Following the Government defeat in the Lords on the customs union, we debated it in the Commons. The outcome was not conclusive (that has yet to come), but nevertheless the debate was instructive: the customs union’s advocates egged each other on; intervening in each other’s speeches to agree that they clearly saw the customs union and the single market as being one, and were opposed to leaving either, which begged the question ‘what then is the point of leaving the EU at all?’
At which point they cheered one another to the rafters.
So, at least they are transparent and hardly bother to cloak their intentions. We can all see where this is going…and yet these were the same members who lined up in the Article 50 debate to announce that, notwithstanding having campaigned to remain, they now accepted the will of the voters.
Meanwhile the Lords moved on to the issue of a “meaningful vote” to follow the conclusion of the negotiations with the EU.
By ‘meaningful vote’ they mean not just having the ability to accept or reject the agreement reached, so that that, were Parliament to reject the agreement, then we won’t just leave the EU next March without any agreement and revert to World Trade Organisation rules.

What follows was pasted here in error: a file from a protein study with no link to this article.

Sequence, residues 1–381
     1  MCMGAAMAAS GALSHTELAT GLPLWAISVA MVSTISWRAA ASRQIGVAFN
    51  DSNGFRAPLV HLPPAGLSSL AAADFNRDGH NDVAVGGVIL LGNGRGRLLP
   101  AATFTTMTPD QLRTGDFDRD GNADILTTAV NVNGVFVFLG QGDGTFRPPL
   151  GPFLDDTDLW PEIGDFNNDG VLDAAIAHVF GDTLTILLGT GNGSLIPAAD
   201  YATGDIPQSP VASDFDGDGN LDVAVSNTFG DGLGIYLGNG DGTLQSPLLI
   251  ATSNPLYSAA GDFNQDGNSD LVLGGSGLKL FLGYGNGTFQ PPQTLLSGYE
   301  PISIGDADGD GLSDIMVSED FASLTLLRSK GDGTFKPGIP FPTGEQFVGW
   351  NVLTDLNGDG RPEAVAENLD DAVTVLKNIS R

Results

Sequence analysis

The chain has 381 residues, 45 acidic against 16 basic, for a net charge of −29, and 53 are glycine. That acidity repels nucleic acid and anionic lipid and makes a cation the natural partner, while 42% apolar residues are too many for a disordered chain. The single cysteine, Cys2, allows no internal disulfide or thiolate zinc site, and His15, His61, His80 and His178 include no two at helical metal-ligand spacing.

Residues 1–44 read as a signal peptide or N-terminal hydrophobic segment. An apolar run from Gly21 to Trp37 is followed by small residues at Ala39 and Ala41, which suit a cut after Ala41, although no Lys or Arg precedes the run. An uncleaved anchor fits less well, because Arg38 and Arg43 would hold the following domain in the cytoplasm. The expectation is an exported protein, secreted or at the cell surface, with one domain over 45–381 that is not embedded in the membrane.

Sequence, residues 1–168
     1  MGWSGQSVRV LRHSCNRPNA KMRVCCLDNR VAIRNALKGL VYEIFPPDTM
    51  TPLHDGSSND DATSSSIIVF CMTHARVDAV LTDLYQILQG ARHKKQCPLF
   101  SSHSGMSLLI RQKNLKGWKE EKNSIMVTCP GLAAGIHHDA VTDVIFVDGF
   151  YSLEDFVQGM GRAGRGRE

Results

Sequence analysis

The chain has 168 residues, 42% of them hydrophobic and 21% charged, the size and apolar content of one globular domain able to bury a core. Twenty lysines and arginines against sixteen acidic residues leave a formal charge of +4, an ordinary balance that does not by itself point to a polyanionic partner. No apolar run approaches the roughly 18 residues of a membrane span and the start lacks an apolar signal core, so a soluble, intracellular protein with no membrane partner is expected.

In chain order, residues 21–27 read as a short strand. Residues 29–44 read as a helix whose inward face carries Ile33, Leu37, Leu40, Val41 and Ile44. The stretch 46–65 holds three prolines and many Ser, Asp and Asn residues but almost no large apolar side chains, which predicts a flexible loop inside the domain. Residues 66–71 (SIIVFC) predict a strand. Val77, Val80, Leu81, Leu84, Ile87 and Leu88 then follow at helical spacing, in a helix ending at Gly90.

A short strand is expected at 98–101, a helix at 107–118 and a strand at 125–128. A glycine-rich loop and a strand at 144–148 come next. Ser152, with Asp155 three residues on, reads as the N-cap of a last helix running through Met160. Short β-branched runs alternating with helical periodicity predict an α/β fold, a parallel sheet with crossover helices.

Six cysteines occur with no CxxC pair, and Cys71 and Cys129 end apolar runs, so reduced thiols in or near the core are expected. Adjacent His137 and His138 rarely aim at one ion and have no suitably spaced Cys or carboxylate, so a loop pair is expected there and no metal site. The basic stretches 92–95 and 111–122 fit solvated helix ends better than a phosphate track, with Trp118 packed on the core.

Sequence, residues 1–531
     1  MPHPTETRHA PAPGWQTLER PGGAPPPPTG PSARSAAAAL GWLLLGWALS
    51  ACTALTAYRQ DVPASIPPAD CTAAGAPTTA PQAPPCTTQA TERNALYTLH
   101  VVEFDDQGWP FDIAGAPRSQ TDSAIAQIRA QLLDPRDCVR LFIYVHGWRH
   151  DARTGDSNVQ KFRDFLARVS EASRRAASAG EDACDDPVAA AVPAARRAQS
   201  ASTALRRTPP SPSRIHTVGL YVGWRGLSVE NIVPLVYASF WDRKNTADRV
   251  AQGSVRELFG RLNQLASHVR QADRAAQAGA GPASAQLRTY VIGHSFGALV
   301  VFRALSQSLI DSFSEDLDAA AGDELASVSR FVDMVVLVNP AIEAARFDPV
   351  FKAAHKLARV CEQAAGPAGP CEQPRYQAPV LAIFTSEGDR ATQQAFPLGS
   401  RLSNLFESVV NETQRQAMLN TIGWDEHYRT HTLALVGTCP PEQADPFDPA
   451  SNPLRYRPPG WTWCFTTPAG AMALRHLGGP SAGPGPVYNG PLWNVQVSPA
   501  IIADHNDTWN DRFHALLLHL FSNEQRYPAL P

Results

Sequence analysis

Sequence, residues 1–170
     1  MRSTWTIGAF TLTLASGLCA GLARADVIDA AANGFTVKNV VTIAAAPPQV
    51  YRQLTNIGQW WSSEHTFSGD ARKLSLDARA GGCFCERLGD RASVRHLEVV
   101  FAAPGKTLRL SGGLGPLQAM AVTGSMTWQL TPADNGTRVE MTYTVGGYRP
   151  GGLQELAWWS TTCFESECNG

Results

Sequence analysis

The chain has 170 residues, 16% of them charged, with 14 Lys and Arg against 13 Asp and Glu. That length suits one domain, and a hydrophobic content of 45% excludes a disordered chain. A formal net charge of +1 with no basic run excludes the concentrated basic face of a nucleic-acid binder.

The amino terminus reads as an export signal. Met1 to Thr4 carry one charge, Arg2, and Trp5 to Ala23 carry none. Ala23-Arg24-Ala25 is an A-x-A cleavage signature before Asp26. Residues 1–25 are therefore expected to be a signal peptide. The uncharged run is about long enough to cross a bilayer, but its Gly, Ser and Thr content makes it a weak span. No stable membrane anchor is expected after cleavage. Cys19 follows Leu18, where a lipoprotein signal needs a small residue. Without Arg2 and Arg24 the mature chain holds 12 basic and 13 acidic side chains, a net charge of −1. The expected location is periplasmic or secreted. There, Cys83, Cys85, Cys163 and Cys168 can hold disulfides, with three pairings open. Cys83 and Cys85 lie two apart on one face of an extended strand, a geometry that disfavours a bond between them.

On the contrary, they mean to give Parliament the power to determine exactly what happens next. This will include delaying, deferring, or cancelling our departure. In effect, the meaningful vote is to be even more meaningful than the referendum of June 2016 –and that is really what this is all about.
Of course, I can entirely understand the desire of elected representatives wishing to determine, or at the very least to influence the outcome of the negotiation process in what is, after all, a parliamentary democracy. The problem is that the very presence of a parliamentary meaningful vote at the end of the process fundamentally undermines our negotiating stance: it invites the EU to offer such poor terms with the confidence that Parliament will be bound to reject them.
Already there have been a number of meetings in Brussels between parliamentary opponents of BREXIT and the EU with the object of co-ordinating just such an outcome.
A well-funded campaign has begun, and which will continue for the rest of the year, with the object of persuading us all that we made a terrible mistake and that either we, or our Parliament must undo it.
Given the arguments that we heard about the customs union and the internal market in Parliament last week, it is clear that no agreement reached with the EU will ever be good enough to persuade the hard core of remainers to accept it.
As I have warned before in this column, their strategy is one of ‘demoralise and delay, in order to defeat’.
The question is whether we, as voters, have the stamina and the will to continue to demand that our decision be honoured.